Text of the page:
In the latest in his series exploring the road to success, award winning salon owner and globally renowned hairdresser, Robert Masciave, talks about the need to be both smart and creative when it comes to learning.
I have talked previously about the need to be clever when it comes to learning, and that the first step to learning effectively is to know yourself and how you best take in information.
One school of thought that I am a great believer in is that of Visual, Auditory and Kinesthetic learning (VAK).
Basically, it’s the belief that we all absorb information differently and usually find it easier to take in information through one dominant sense – either through vision, sound or kinesthetically, which means through carrying out activities in order to learn.
Once you have established the way you learn most effectively, you can try and tailor your learning around this, finding ways to stimulate your creativity for example, that best suit you. Most hairdressers prefer visual means of learning, I am definitely someone who prefers a visual means of absorbing information and will usually find inspiration in things that I see.
I’ve also talked before about the importance of finding the right mentor, and it’s worth reiterating here how vital a great mentor is to your development as a hairdresser and a person.
All I knew when I was a young hairdresser was that I wanted to do show and stage work, so I picked a mentor whose work I most admired, Guy Kremer. I had a strong sense of what I liked and what I didn’t like, and Guy’s work had huge visual appeal for me and, because of the way I take in information, I needed a mentor whose work I found visually inspiring.
When you are young all you can do when you imagine your future is look at someone who has achieved what you would like to achieve.
This is actually a good way to find a mentor. But don’t be inhibited when it comes to picturing your future. Imagining where you want to be in the future is also a great way to start firming a plan of how you want your career to develop, and this is where creativity comes into play.
When thinking about your future be as creative as you want. No-one can judge what is in your head. Let your imagination run free and just ask yourself, in an ideal world, without restrictions, what would I be? This free, creative way of thinking allows us to make plans, however loose those plans may originally be.
Once you have embarked on your journey of learning, it is important to create challenges for yourself.
First learn a new skill, then practice that new skill until you feel confident in your abilities, then challenge that skill until you have mastered it. It’s only by challenging yourself that you will begin to unlock your creativity.
While skill obviously comes into play when mastering your craft, it’s also important to let emotion influence you. If you feel emotion towards what you are doing or the inspiration behind what you are doing, it will provide the drive you need to excel in your craft.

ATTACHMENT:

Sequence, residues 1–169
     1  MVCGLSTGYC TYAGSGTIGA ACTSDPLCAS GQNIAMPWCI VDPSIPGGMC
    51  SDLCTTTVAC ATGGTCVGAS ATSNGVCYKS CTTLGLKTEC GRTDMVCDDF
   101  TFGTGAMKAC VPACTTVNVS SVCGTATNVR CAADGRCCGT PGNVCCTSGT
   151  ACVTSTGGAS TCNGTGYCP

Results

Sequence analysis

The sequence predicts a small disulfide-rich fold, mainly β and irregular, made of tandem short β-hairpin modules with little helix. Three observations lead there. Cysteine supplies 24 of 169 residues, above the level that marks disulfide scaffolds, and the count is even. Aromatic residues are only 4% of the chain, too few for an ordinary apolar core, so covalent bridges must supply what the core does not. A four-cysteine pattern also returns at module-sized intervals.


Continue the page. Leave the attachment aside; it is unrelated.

An example of how I have challenged myself and used emotion as a driving force, is my avant-garde work. When I started doing avant-garde work I was moving out of my comfort zone.
When you create avant-garde hair you are not working with looks that are tried and tested, you are not just recreating what has been done before, with the confidence that if you get it right people will respond positively. With avant-garde looks, you are challenging yourself to create something that’s never been done before and this can mean developing new techniques in order to bring your vision to reality
This is an obvious example of how to challenge yourself, but a challenge can be anything that takes you away from what you feel comfortable with. For me, real learning is all about problem solving.
Emotion also plays a massive part in my avant-garde work, and in all elements of my hairdressing.
Much of my work has been inspired by my seeing something that triggered an emotion. It’s not about looking at something and thinking I want to do that, it’s about feeling something. One of my avant-garde creations was inspired by a tree I saw while I was exploring Kew Gardens.
I was drawn to this one particular tree and it’s natural beauty. I took a picture of it and moved on. A few weeks later I was asked to do a show based around the concept of an enchanted forest.
I didn’t even think about the tree I’d seen, but once I saw the finished look, I realised I had recreated that tree. Because I had reacted to it with emotion, it had stayed in my head and influenced my work. The emotion I felt provided the driving force behind my hair creation.
One thing I want to stress is that copying is not creative. You will never really learn and progress by copying.
A lot of people will copy what has been done before because they know it will receive a positive reaction. As an exercise to practice skills, copying is fine, but it’s a waste of time to share and call something you have copied your own creation.
Always try and be original, embrace a sense of risk and have the courage to challenge yourself continuously.